I’ve said it before and I will say it again: computer science is an engineering discipline. We design, create, and build things that solve problems: algorithms, data structures, full fledged software systems. Our field is tangled up with many other fields because we create things that solve problems in lots of fields. Think of all the computer science work that went into your basic CT scanner, back in the 80’s. People weren’t studying image processing algorithms that existed in nature, the way physicists or chemists do. They were creating the algorithms, to solve an important problem.

      Reply
  • [...] NRC K-12 Science Framework ducks the question of computer science (computinged.wordpress.com) [...]

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  • 4. Bri Morrison  |  July 28, 2011 at 8:35 am

    I will agree that computer science is more like engineering for those that want to major or have a career exclusively in the field. But what about for the rest of the population? They don’t need to be educated nearly to that depth and it’s a disservice to call the education they need “engineering.”
    I believe it’s much more like medicine. Just as I would say only medical practitioners need “medical school”. But everyone should have some medical training (CPR, first aid, etc.) for the good of society as well as their own lives.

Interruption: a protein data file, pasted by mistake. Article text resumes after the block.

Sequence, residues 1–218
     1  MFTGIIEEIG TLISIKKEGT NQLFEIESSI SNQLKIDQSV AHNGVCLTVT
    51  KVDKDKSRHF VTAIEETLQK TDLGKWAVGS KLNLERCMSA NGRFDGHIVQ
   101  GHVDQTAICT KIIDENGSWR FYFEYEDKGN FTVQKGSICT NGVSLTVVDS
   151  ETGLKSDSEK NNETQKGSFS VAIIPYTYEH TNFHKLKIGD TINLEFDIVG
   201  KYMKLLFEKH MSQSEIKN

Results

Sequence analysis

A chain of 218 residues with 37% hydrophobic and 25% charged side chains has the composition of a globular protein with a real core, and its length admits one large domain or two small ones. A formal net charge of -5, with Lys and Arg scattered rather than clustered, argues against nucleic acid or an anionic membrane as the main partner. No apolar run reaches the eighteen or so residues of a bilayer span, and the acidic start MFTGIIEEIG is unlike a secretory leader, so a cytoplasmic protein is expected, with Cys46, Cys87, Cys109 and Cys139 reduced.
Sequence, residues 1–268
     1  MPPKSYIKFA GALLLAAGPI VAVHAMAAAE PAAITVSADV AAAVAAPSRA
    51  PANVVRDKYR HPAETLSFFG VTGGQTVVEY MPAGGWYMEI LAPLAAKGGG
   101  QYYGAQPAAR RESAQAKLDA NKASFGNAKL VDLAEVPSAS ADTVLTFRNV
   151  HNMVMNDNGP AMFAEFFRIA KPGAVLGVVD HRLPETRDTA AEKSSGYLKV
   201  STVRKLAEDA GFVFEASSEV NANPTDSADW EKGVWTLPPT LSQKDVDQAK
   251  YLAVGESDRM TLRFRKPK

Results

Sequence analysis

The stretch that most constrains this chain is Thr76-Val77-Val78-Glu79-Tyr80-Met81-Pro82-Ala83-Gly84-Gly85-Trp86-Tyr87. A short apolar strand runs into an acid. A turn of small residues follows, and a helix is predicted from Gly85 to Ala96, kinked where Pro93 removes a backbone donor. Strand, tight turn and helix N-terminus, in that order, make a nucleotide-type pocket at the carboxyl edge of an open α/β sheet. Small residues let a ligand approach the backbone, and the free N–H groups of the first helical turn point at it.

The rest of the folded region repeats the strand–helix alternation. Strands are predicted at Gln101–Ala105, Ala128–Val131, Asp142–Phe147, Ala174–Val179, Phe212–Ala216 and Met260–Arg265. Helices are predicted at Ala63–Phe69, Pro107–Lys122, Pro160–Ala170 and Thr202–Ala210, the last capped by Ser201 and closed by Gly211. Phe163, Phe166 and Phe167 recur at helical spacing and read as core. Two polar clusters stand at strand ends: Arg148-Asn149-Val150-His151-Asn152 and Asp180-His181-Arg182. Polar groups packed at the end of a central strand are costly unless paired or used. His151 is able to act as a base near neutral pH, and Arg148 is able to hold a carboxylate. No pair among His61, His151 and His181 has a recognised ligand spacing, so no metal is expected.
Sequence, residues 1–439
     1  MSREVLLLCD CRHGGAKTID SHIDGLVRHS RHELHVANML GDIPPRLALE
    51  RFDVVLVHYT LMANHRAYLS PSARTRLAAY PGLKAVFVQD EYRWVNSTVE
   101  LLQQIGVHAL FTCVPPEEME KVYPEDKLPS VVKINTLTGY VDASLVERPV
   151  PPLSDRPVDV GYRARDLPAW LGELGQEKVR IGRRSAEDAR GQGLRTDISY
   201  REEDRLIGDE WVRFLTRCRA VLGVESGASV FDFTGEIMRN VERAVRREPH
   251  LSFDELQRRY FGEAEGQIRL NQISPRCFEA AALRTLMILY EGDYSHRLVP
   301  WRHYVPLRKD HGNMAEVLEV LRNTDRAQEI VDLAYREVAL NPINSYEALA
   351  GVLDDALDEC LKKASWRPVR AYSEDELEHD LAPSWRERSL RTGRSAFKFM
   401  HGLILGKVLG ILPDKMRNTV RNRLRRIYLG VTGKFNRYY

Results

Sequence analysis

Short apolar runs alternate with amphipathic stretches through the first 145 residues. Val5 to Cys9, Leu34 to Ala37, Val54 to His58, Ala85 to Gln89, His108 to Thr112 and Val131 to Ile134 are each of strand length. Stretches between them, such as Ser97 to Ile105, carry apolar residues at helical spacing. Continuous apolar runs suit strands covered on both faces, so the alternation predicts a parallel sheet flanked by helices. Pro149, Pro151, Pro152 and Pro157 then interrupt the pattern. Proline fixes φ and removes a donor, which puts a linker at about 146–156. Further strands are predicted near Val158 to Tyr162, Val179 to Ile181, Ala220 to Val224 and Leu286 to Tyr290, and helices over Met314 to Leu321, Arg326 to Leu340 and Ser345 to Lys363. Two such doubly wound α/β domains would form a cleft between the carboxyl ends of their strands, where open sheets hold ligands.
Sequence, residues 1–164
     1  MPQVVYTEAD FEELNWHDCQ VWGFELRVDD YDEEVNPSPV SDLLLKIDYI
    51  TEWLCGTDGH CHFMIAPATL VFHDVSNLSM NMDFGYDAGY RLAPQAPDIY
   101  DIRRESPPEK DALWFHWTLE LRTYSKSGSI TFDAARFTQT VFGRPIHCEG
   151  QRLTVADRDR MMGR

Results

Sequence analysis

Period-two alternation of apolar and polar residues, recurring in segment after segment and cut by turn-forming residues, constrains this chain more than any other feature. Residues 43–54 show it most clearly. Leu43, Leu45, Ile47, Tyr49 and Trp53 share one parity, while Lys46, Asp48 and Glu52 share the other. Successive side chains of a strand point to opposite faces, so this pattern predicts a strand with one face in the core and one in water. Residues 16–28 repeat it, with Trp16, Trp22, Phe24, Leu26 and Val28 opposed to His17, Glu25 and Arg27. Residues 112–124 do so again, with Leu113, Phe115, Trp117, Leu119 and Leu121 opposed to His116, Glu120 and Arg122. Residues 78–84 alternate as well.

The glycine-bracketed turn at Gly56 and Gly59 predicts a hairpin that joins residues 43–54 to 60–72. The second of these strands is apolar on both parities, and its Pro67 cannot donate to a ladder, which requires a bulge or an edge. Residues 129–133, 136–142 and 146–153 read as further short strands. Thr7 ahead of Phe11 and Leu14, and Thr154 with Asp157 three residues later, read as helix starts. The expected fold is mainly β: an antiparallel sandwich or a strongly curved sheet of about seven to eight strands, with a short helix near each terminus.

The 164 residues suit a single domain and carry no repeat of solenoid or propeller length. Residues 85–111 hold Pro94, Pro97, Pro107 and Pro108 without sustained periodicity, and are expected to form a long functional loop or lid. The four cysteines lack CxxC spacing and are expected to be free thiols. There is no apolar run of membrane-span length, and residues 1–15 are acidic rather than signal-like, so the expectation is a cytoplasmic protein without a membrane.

Everyone deserves some computing education, to improve their thinking skills, aide in their chosen career field (virtually all career utilize computing technology), and to improve their own lives (why am I getting *this* error?). The phrase we seem to have adopted is computational thinking. I’m not nearly as concerned with what we call it, as long as it’s in the curriculum.

    Reply
  • 5. Baker Franke  |  July 30, 2011 at 5:57 pm

    “But, again, because this area of the curriculum has a history and a teaching corps that are generally distinct from those of the sciences…”

    I take this to mean that the NRC doesn’t believe CS teachers are trained, or even really “teachers” at all. Even though they recognize CS as a field, they’re thinking about teachers who teach applications. This is frustrating but perhaps understandable given the state of CS Teacher Certification. It’s going to be a long slow climb, but eventually sisyphus got that rock up to the top.

    Reply